Deciphering the doctor’s prescription
the months ahead, nearly everybody reading this column will visit their doctor. Often it will be for a minor symptom. Or it maybe something more complex requiring deeper intervention and management.
Often advice is given, mostly forgotten by the time the surgery exit is reached.
But one issue is for certain. Majority will be clutching a bit of paper, commonly called The Prescription.
Whatever is remembered or forgotten is immaterial.
So long as the bit of paper finds its way soon after into the hands of a pharmacist, collected and taken home.
That’s the big issue, the big picture, the real challenge. Is it taken as directed, or does the stuff simply sit on the kitchen bench?
Research shows the first bit is taken, but most is left. Often to be shoved in cupboards where it may sit for days, weeks, months and even years!
However, the everyday prescription has certain interesting features.
Today, many are computer generated. Some are still handwritten. What does it all mean. Typed copies are easy to read, but are they meaningful?
Let’s dissect a prescription, from yesteryear to today.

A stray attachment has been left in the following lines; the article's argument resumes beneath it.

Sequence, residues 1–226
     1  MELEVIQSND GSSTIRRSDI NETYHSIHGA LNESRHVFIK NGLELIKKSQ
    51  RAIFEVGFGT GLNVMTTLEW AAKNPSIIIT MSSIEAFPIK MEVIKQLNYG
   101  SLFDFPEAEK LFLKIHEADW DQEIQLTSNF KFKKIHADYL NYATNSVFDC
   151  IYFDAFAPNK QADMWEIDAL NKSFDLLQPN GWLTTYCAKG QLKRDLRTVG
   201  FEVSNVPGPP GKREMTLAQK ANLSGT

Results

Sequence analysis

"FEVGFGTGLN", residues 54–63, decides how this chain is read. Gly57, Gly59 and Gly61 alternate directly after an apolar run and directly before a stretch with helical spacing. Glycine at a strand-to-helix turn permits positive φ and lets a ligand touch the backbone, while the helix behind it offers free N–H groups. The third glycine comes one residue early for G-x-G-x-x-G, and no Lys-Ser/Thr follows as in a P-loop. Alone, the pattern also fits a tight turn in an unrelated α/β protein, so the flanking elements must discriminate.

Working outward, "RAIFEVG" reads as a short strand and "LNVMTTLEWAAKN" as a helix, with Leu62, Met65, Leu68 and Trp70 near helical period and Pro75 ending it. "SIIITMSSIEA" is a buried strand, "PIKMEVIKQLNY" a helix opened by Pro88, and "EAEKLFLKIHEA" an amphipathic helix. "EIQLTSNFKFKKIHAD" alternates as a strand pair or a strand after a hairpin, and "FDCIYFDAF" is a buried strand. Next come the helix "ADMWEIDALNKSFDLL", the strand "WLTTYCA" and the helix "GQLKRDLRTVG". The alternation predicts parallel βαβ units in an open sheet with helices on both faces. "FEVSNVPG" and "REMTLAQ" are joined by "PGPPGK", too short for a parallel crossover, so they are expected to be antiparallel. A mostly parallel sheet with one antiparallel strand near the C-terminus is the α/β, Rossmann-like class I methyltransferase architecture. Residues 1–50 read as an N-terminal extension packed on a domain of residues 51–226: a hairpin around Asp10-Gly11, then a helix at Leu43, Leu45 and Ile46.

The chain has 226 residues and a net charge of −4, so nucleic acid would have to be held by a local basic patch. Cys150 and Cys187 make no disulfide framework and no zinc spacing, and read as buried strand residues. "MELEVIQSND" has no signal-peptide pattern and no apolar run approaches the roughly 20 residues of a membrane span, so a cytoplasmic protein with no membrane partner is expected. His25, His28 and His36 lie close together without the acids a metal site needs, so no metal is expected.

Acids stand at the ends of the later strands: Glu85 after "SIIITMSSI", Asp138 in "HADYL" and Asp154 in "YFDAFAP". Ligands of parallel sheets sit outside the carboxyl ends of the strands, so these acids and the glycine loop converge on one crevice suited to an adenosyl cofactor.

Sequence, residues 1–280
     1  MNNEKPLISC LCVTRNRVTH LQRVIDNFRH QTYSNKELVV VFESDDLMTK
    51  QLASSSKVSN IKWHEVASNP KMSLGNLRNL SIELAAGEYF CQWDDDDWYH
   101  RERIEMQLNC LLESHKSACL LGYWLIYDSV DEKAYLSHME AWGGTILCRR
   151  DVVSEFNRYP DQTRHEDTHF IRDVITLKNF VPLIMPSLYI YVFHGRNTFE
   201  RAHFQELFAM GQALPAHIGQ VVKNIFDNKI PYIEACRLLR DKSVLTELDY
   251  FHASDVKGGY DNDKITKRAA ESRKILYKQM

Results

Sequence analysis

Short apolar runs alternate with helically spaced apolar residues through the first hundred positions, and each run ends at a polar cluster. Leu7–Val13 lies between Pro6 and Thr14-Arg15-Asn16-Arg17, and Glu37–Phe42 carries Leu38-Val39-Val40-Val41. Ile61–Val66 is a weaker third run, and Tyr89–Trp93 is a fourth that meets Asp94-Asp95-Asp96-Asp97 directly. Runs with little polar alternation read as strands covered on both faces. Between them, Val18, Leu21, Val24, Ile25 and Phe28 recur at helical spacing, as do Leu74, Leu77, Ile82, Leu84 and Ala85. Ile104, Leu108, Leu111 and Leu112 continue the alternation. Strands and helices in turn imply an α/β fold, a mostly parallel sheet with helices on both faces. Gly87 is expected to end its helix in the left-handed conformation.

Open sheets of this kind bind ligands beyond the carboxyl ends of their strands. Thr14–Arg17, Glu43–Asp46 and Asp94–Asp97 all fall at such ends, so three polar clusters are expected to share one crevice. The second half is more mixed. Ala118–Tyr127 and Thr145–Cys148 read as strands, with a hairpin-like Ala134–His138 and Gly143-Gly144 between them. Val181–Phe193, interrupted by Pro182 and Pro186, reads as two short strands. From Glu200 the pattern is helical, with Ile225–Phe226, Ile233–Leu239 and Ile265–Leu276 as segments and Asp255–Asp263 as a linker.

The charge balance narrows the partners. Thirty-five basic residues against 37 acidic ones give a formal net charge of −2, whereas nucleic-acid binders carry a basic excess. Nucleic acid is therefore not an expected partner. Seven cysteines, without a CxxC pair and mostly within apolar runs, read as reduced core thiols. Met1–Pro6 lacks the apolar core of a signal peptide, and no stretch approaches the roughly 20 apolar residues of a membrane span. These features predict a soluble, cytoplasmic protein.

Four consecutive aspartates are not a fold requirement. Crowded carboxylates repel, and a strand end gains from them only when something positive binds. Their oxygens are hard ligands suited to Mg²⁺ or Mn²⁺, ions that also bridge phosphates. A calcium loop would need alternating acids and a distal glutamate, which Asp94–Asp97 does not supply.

Typically it contains the name, qualifications and address of the doctor.
Then an official government prescriber number. After this an ominous Rx. This stands for Take Thou, an instruction to the dispensing chemist.
Once a babble of gabble in dog latin followed, but today this is more legible.
Then a series of letters and figures. After the name of the product (or ingredients) comes the word Sig, meaning label or instruct.
Then various figures. They mean i=1, ii-2, iii=3, iv=4, v=5, ix=9, x=10, xx=20, L=50, c=100, M-1,000.
Next is Mitte which means put or the number required, a figure for tablets or quantity for liquids.
This was once in drams and ounces, today in mL=milli=litres, thousandth part of a litre L (once cc. or cubic centimeter).
One tsp (teaspoonful) = 5mL. Individual figures are shorthand too. i/diem = once a day, bd (twice) and tds (thrice) a day.
Pc means after food, ac before food, prn = as required, nocte at bedtime, mane in the morning. Et = and.
Mist (=Mistura or mixture) Tab = tablet. Therefore, Rx mist aq. Sig v mL, bd m et n, pc et noct, mitte c mL simply means a teaspoonful of water morning and night after meals and at bedtime, and put in a 100mL bottle. Very mystifying.